Thanksgiving may be over, but the long, winding path of thankfulness continues on, making plenty of loops around Television.
It’s easy to forget that learning is fun, or, at least, that’s when learning is the most effective. We learn best when we are presented ideas in creative and exciting ways, thereby making them easy to retain. Take elementary school, for instance. What are the kinds of lessons we remember the most? Science projects using candy to make molecule diagrams; U.S History trivia contests with mystery prizes for the winner; field trips to interactive museums that doubled as playgrounds. The teachers we loved the best were ones who understood that there are times when education and entertainment can go hand in hand, and there are plenty of shows on TV that feel the same way.
After watching hours of mindless entertainment, it’s vindicating when we learn some valuable knowledge or obscure trivia from it. Hey, maybe the media bigwigs know that, occasionally throwing us a bone by providing shows that give us random facts about beavers or our digestive tracts to convince us we haven’t completely wasted all our time, but, if it leads to shows that legitimately entertain as well as use their mind-captivating powers to properly teach us a little, I think I’m ok with that.
I’m not talking about shows that are solely made to educate kids, like say Dora the Explorer. Shows like that may have entertained us greatly while we were young, but, as our minds matured, so did our tastes. It takes more to captivate our minds now, and purely educational shows tend to get subconsciously filtered out of both our minds and Pop Culture. Nowadays, we seek more shows that entertain more than they educate, but, ironically, it’s those same shows that have the most potential to educate.
Animaniacs has inane slapstick, wacky imagery, as well as the pun-iest dialogue imaginable, and it’s also one of the cleverest cartoons in existence. A love letter to the classic cartoon era of Warner Bros that still captures the spirit of the 90’s, it’s a personal favorite of mine that still cracks me up to this day. There are plenty of episodes that are entertaining for the sake of being entertaining, but one of the coolest things about Animaiacs is that it often uses its humor and creativity to explore educational topics, teaching kids on its own zany terms. There are episodes that feature the Warner siblings, Yakko, Wakko, and Dot, meeting historical figures like Beethoven, Picasso, and Albert Einstein and pestering them until something historic happens, like painting the Sistine Chapel for Michelangelo (only to replace God and Adam in The Creation of Adam with E.T. and Elliot). There are episodes that parody famous plays like Les Miserables and H.M.S Pinafore, and it has catchy songs about the states and their capitals, the bones in our body, and the names of our presidents, which I’m 80% certain helped me ace a history test in middle school. Animaniacs encourages you to see the fun in just about any topic, ensuring a smile on your face whenever it comes up in real life.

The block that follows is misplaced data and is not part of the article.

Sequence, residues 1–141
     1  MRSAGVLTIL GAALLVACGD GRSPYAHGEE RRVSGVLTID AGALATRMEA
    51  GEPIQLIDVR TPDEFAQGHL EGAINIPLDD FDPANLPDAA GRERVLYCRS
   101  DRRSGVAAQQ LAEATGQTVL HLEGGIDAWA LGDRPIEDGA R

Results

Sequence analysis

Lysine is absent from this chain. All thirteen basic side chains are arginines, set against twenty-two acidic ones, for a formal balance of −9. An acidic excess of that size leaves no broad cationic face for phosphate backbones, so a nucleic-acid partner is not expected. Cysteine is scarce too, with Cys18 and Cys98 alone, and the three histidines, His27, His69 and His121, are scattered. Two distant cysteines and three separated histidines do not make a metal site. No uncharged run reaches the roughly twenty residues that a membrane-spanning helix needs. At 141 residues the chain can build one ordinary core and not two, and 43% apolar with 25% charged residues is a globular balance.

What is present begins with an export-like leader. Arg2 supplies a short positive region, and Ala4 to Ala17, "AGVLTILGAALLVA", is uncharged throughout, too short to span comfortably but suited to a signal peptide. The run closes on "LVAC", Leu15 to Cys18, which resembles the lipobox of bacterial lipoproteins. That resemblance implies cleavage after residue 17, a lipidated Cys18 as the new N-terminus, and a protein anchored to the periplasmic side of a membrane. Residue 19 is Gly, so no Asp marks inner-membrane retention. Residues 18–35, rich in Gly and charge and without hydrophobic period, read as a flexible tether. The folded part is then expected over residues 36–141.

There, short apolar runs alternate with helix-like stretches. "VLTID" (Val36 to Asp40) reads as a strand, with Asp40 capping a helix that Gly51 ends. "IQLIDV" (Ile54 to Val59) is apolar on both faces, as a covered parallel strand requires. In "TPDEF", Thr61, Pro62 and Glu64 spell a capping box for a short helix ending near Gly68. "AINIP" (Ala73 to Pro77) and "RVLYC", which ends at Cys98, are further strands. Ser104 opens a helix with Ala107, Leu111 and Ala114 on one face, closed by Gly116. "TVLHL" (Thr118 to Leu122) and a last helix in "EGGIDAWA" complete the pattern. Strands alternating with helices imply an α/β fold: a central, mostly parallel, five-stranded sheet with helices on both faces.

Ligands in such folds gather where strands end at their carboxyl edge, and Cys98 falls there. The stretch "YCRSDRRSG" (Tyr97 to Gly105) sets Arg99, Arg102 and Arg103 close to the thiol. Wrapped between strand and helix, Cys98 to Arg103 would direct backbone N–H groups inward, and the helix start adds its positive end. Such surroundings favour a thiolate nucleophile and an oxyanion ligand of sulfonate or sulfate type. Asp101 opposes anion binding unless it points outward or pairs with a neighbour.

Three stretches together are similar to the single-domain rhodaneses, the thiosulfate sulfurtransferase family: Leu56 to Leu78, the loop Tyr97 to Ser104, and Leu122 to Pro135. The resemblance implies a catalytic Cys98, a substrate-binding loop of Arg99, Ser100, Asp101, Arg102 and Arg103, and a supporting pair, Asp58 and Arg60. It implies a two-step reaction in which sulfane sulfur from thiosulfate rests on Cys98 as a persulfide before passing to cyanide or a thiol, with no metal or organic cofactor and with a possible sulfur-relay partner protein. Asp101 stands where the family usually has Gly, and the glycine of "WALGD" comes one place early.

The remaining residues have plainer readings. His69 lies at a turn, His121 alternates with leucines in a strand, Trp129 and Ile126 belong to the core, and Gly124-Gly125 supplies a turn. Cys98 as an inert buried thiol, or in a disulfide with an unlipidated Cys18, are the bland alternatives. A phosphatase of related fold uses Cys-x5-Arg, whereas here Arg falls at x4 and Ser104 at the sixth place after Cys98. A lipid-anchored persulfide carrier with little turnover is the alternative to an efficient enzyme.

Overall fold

If Animaniacs is a clever show, then Phineas and Ferb is a smart show, with fun plots not necessarily about a topic in particular but always decorated with a variety of facts and trivia that make you feel smarter as you watch them. How many other cartoons take passing moments to discuss palindromes, the Spartans, and Reverse Engineering or have episodes featuring aglets or the Gordian knot? Thanks to the adventures of Perry the Platypus, I’ve learned a lot about platypuses (Platypii? Platypeople?). Did you know they basically sweat milk? I sure didn’t. Plus, according to some of the show’s songs, a platypus is also a monotreme (mammal that lays eggs), and its Latin name is Ornithorhynchus anatinus. It’s almost like everyone on this show likes to read an encyclopedia in their spare time.
Even shows about epic quests and Good vs Evil take time to educate us as they enrapture us. Avatar: The Last Airbender is a show created in the West but heavily inspired by the East. Those watching it are able to learn more about Asian cultures, philosophies, and art as they drink in the sights and sounds. Sometimes even the characters learn while we do. In one instance, Sokka has a run in with Haiku, a form of Japanese poetry, and gets into Avatar’s equivalent of a rap battle with a Haiku master. Ok, so maybe it’s not how you or I might learn about poetry in school, but you can’t question its effectiveness.
Shows like these understand that, just as we should never stop being thankful, we should aim to never stop learning as well. Learning means we’re growing, and growing means we’re making the most out of what’s been given to us. IF we keep our eyes and ears open, we can learn something from anything, and use that for our own benefit as well as others’. Moreover, as our good friend TV has shown us, the learning process goes a lot smoother when we can find joy in doing it, so have fun and learn lots!